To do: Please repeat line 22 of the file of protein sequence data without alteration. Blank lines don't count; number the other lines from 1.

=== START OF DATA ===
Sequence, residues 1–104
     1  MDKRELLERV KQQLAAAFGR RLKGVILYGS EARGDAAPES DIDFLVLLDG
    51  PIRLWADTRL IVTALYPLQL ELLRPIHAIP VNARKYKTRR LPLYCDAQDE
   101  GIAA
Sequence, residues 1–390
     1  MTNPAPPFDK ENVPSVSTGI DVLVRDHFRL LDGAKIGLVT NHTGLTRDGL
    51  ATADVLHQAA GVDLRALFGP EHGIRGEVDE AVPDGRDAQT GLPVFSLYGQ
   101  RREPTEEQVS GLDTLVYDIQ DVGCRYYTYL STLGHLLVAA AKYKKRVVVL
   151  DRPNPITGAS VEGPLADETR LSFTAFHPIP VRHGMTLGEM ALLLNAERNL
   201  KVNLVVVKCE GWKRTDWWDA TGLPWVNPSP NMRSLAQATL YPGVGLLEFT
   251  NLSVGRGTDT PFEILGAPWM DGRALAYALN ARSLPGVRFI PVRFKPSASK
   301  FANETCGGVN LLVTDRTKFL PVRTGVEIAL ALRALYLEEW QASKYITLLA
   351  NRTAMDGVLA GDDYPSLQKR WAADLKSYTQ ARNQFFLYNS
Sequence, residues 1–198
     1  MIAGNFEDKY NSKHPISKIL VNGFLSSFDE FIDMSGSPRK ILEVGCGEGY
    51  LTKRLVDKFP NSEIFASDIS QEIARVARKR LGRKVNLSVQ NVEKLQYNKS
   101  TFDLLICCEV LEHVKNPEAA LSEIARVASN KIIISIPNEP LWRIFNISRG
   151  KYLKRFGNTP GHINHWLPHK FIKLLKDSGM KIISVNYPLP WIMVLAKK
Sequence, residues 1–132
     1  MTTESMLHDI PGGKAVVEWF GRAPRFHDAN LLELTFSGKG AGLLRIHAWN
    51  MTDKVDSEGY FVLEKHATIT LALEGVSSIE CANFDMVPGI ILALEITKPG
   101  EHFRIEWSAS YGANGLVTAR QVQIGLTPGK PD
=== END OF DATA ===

   101  EHFRIEWSAS YGANGLVTAR QVQIGLTPGK PD